Hola Panama

(I have very little time online so this will be a text-only update. )

The last few days have been quite rough. I knew the journey would not be easy so I travelled with 3 Argentinean friends who I kept bumping into as I passed through Colombia.

It took a combination of 2 buses (6 hours in total) and 3 hours of sitting couped-up in the back of a pick-up truck - driving through paramilitary territory - to get to Turbo, in the north of Colombia. We slept there the night and got up a 6am the next morning to get a lancha ("speed boat") to Capurgana - the island where one obtains an exit stamp from Colombia. From there it was another lancha to Puerto Obaldia - the island where one obtains the entrance stamp for Panama. The problem was that Puerto Obaldia is not used to foreigners and they therefore have almost no facility to process anyone not from Colombia or Panama. It also didn't help that immigration officer hated us for no apparent reason - though we later discovered that he hates everyone. Thank you SeƱor Vaz.

Furthermore, there were no boats leaving the island for about another 5 days. We were stuck there on this tiny, hot, humid, hell of an island - with absolutely nothing to do - for 2 days until I went around, talked to all the locals and met all the captains of boats and managed to organised a passage off the island to the next island - 1 hour away - where we had a better chance of getting a ride to mainland Panama... and even a flight!

We left at 5am the next morning and when we arrived at Mulaturpo (the next island) we had great luck and immediately connected with another lancha going to Carti - the first point of road access in Panama. The captain said it would be a 5-hour passage, however after 9 hours we were still going - squished shoulder-to-shoulder with splashing water continuously pummelling our faces. Unfortunately we didn't make it all the way to Carti and had to spend a night on a tiny island of natives - Carti Mulaturpo - where they gave us food and shelter completely free. We played with all the curious children (including albinos) and spoke with the elders about the changing and threatened culture and the departure of all the youth for the big city.It was truly an awesome experience.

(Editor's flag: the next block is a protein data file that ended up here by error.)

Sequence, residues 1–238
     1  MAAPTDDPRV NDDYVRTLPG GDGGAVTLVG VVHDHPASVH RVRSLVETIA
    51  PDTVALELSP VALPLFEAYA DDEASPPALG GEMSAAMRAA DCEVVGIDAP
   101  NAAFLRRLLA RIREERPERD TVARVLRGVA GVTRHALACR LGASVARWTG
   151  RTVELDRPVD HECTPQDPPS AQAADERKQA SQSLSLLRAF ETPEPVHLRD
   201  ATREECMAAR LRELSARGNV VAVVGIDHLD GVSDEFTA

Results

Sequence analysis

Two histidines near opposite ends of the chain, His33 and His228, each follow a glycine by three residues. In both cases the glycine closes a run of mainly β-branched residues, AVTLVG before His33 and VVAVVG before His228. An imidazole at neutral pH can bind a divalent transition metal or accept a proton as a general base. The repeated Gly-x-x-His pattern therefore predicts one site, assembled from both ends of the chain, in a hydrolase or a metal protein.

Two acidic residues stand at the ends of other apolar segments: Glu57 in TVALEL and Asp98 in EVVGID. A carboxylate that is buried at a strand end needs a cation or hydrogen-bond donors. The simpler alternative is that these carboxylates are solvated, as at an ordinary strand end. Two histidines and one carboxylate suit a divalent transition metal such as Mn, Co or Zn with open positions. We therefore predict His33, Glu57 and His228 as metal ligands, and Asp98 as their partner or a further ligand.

This morning we were on a lancha for another 1.5 hours and then had a 3-hour jeep journey to finally arrive in Panama City. We had great difficulty finding a place to stay and finished in the apartment of a Mexican girl who offered her lounge room for $6 a night. We met her as she was selling pastels on the street.

I will probably continue with these guys further north for a little longer. The current plan is to leave Panama City on Sunday and head to Costa Rica.